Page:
WITH 282,019 vehicles sold in 2022, Perodua continues to have a long waiting list (220,000 outstanding orders to fulfill) starting 2023. That might be considered a ‘good’ start to the year to already have such a huge order bank, but the Malaysian carmaker is not exactly happy either because it means customers have a long wait to get their new vehicles.
Since July last year, the priority has been to deliver vehicles to those customers who had booked before June 30, the date when the exemption of sales tax ended. By right, anyone who registers their vehicle after that date would not be entitled to the exemption. However, understanding the difficulties faced by the industry due to disruptions and parts shortages which affected output, the Finance Ministry gave a 9-month extension for delivery of vehicles which would be entitled to the exemption.
So Perodua, like many other companies, has been working flat out to fulfill those back orders – while new orders have also been building up in a buoyant market that saw the year’s Total Industry Volume (TIV) rocket past the 700,000 level for the first time ever.
In anticipation of the TIV for 2023 remaining over 700,000 units, Perodua has set a sales target of 314,000 units for this year, which represents an increase of 11.3% over the 2022 volume. In order to meet this increased target, production will be raised by 14.2% to 330,000 units from the two factories at the headquarters complex in Sg Choh, Selangor.
The production volume will be hitting the installed capacity that Perodua has and it has begun to think about the addition of another line in the next few years for added capacity. Before then, however, it will still boost output as much as possible by improving productivity and overtime working periods.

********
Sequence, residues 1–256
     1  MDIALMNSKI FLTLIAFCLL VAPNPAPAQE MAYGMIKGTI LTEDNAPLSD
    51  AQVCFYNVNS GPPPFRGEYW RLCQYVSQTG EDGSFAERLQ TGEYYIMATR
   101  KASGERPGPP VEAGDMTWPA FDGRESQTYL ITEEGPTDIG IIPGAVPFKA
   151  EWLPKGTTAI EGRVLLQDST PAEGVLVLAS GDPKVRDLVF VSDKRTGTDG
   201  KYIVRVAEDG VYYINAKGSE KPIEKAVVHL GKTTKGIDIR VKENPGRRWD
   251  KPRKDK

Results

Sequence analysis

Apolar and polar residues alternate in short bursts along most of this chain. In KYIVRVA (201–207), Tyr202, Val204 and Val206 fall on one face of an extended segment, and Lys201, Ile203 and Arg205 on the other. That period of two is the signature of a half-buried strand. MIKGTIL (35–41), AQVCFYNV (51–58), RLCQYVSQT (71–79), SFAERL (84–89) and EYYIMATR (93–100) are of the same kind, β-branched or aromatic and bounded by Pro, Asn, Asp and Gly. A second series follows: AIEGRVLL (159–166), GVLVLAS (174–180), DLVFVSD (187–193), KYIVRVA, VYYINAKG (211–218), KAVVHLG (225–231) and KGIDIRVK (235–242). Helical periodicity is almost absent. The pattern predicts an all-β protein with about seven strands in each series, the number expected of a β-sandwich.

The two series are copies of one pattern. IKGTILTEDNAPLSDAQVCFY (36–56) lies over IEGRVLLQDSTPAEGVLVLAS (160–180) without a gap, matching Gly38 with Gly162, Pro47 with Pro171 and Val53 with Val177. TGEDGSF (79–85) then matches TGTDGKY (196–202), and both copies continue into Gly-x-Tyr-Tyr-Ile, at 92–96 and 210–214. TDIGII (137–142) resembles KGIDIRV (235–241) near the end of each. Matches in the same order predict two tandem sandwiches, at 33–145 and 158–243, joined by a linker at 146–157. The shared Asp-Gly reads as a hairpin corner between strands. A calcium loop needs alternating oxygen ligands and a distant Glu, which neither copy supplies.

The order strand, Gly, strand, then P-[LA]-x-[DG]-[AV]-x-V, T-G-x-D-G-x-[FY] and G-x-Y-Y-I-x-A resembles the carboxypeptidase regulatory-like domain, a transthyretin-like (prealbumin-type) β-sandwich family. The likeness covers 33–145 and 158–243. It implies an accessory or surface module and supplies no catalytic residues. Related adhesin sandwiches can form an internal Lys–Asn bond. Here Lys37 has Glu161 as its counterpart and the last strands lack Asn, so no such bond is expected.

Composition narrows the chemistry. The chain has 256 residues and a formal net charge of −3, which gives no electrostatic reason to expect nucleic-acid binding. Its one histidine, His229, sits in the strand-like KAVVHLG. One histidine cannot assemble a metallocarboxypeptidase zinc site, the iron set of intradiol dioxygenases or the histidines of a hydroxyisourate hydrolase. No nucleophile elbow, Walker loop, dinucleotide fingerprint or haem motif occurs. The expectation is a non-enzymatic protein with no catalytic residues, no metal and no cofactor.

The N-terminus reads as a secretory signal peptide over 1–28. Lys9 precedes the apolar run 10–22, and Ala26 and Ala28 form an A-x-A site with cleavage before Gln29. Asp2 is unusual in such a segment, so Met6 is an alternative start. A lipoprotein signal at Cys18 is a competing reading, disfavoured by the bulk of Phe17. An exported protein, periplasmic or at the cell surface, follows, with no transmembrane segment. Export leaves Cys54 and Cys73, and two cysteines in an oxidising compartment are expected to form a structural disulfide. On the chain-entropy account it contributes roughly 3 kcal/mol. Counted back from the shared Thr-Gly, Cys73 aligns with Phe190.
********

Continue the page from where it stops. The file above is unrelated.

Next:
The impact of such production growth will be significant for the local industry as it will see Perodua spending up to RM10 billion to purchase parts from local suppliers. “This purchase commitment is expected to further encourage the Malaysian automotive ecosystem to further improve its production capabilities and quality standards. In short, the increase in production will give much needed boost for our local industries to improve their economies of scale and to better compete with their counterparts abroad,” said Perodua’s President & CEO, Dato’ Sri Zainal Abidin Ahmad.
As a Malaysian carmaker and a good corporate citizen, Perodua has always been closely involved in the health of its suppliers, even to the extent of providing various forms of support during periods of economic downturn. This close relationship has helped ensure consistency in quality and supply as suppliers have not had to cut corners to survive. It is thus a contributory factor in ensuring that Perodua vehicles are also reliable and durable.
On new product development, the company will launch one new model each year, starting with the new Axia for this year. Actually, the Axia’s launch is later than originally planned but it had to be delayed due to the COVID-19 pandemic disrupting activities. RM537.1 million has been allocated for new model development over the next few years.
In as far as new product development is concerned, Perodua’s own capabilities have reached a level where most of the work can be done in Malaysia. This means that the development of more unique models will be possible although it still makes sense to share platforms with Daihatsu to reduce development costs. Furthermore, if Perodua develops a model earlier, lessons learnt from the development will be valuable to affiliates in neighbouring countries who can avoid facing the same issues with their models.